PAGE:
We bought an old ’59 blue Chevrolet. It wasn’t the best of cars and it would break down before my father and I went back to Iowa, leaving my mother in Florida, but when we bought it, it was as if we had a new car. We had always had the Oldsmobile, so this car, this car, was a bright new shiny thing that would always gleam in my mind.


On the way to Florida, my father had said to my mother, “Janie, I’m trying to think of what to do.” There was an edge of excitement to his voice.

“I think we may stay here.” He paused, looked out my mother’s window, said, “Feel the air, Janie. Put your hand out the window and feel how warm it is!” He stopped as if considering a great idea, looked out to the road again and then back at my mother, “We wouldn’t ever have to buy heating. It would be wonderful.”

My mother’s head had turned towards him and had fallen to one side like she was considering what he was saying. She breathed deeply, and then said, “John, if that’s the best thing you can think of it wouldn’t work and you know it.”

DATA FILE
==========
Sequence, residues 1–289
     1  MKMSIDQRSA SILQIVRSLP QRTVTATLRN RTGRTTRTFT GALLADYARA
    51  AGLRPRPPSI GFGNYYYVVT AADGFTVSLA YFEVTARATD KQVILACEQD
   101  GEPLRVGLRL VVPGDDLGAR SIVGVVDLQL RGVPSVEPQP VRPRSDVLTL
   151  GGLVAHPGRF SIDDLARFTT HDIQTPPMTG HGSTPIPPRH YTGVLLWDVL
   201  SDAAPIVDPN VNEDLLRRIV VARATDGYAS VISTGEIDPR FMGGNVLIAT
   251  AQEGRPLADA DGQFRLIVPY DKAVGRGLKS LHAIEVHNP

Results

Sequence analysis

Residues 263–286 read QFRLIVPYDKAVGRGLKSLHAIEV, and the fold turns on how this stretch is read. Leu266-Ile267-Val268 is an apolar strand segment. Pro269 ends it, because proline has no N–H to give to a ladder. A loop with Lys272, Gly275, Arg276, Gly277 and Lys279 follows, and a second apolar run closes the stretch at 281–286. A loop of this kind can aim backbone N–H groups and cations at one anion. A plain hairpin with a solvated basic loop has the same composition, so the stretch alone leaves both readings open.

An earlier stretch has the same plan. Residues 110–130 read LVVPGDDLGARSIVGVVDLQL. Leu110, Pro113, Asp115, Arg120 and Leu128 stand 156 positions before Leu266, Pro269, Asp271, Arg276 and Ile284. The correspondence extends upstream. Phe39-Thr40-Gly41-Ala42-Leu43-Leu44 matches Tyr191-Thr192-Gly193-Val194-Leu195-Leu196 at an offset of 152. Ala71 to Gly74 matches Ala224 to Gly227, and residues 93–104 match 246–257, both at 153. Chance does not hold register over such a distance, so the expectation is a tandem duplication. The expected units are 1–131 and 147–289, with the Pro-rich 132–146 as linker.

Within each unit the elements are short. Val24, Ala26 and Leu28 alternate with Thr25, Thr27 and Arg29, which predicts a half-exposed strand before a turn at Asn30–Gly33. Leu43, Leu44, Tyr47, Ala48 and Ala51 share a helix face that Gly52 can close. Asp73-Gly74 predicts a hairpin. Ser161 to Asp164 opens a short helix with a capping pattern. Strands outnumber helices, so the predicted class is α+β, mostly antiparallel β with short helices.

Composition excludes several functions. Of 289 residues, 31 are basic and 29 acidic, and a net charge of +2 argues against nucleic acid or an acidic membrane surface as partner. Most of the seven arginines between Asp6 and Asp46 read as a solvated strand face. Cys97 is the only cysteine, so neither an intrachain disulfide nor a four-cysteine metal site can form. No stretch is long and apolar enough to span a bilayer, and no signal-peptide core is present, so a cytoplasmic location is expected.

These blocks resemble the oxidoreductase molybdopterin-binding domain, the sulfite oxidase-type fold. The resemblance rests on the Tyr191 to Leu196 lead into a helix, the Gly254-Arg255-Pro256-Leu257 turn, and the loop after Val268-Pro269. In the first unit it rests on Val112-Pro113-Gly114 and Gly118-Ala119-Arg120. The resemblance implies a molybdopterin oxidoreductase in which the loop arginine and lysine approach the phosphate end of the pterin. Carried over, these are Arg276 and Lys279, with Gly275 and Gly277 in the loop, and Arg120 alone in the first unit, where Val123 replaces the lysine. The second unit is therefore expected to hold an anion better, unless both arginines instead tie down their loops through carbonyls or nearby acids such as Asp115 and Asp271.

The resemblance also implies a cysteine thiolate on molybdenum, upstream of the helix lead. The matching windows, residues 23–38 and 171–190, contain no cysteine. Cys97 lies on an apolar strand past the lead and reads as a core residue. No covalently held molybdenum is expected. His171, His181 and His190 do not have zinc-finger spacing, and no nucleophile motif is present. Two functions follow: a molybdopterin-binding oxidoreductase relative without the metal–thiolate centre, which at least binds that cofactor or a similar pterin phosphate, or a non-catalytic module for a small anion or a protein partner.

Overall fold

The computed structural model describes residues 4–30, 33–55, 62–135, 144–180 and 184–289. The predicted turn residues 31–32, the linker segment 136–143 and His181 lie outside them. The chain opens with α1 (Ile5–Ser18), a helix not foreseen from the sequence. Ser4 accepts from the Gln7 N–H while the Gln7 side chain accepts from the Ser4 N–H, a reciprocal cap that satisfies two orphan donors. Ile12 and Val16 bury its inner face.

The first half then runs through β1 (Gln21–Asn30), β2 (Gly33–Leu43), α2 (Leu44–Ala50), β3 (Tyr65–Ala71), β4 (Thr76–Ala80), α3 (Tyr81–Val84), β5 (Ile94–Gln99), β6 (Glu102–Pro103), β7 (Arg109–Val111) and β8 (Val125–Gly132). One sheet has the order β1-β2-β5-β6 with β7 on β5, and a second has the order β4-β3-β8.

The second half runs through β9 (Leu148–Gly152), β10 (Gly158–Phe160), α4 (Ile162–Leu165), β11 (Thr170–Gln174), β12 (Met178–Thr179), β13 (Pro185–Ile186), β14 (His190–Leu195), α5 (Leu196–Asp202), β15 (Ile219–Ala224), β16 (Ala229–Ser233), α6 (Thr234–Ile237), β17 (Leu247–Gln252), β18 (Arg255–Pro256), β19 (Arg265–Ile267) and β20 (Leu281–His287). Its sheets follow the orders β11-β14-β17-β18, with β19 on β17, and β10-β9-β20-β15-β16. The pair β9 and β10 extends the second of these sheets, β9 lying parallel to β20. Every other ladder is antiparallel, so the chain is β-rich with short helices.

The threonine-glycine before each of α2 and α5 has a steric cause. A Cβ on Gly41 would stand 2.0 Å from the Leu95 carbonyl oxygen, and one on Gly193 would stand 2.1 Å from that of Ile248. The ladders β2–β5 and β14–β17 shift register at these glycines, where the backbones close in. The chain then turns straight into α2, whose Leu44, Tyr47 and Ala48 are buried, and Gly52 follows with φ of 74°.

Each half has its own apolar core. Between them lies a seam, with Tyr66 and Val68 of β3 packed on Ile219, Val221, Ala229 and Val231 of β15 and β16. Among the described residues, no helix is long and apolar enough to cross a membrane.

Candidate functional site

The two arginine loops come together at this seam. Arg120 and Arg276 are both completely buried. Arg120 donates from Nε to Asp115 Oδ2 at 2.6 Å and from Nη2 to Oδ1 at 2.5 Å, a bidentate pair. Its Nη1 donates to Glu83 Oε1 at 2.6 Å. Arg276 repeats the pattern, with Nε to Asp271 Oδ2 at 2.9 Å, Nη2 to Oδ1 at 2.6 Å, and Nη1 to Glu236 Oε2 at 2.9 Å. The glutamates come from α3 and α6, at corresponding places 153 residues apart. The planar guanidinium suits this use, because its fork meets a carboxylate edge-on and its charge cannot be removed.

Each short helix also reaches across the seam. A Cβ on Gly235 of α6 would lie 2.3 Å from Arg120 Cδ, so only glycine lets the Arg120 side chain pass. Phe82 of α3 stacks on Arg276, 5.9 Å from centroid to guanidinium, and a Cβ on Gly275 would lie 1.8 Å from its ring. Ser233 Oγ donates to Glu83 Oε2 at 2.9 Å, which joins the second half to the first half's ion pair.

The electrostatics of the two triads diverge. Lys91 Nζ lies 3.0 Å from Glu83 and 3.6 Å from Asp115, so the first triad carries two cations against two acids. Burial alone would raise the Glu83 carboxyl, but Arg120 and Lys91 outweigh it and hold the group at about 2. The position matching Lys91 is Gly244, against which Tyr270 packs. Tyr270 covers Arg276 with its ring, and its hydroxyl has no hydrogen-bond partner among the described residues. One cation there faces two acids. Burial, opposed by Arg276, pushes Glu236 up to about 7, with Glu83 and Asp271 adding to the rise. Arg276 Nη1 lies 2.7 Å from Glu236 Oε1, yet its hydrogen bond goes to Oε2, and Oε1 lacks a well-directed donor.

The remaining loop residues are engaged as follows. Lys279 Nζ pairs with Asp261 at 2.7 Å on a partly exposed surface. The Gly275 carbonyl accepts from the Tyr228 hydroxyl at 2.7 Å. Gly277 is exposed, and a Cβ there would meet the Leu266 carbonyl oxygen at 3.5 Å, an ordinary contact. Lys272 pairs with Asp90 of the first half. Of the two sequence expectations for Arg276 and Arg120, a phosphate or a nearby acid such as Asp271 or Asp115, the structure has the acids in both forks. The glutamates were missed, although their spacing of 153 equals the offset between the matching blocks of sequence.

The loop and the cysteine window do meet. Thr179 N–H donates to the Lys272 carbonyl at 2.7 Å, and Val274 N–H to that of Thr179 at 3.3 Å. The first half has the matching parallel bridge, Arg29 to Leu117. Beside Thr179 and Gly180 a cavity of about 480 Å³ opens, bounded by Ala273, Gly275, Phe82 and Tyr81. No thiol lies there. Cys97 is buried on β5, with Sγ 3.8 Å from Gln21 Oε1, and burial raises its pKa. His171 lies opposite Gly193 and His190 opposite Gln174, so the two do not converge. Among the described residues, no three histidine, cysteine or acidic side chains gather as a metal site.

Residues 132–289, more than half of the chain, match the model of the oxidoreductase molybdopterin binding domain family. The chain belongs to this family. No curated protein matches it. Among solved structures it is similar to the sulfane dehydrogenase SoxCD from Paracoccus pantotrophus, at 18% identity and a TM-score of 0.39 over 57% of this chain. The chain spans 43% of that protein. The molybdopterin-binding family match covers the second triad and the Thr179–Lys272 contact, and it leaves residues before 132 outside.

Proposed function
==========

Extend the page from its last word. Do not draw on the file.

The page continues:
“Now, why do you have to go and say something like that? I thought it was a great plan.”

“Well, maybe for you, but not for us,” and she motioned to the backseat to where I quickly closed my eyes in case they looked back.

“Janie, we’re going to be happy here. I just know it.”

My father’s face was so full of excitement, there were crinkles around his eyes that ran deep with happiness. The first rays of dawn were breaking and the night was disappearing until only a fuzzy grey remained. It reminded me of a rainy morning in Iowa. My mother started to say something but the moment was gone as my father yelled, “Look at that!”

Pointing towards the wind shield, his finger hit the glass as his body rocked back and forth on the seat, one hand on the steering wheel, all the same hope and excitement as when my own little boy saw the ocean for the first time. I rose up and turned my head to look out the window for what I thought would be a huge expanse of water. The sun was rising high over the road now.

“What are you looking at?” my mother asked.

My father’s head jostled up and down and his mouth slightly opened as if in shock.

“Look!” he said, pointing to some unknown place, “There. It’s the ocean!”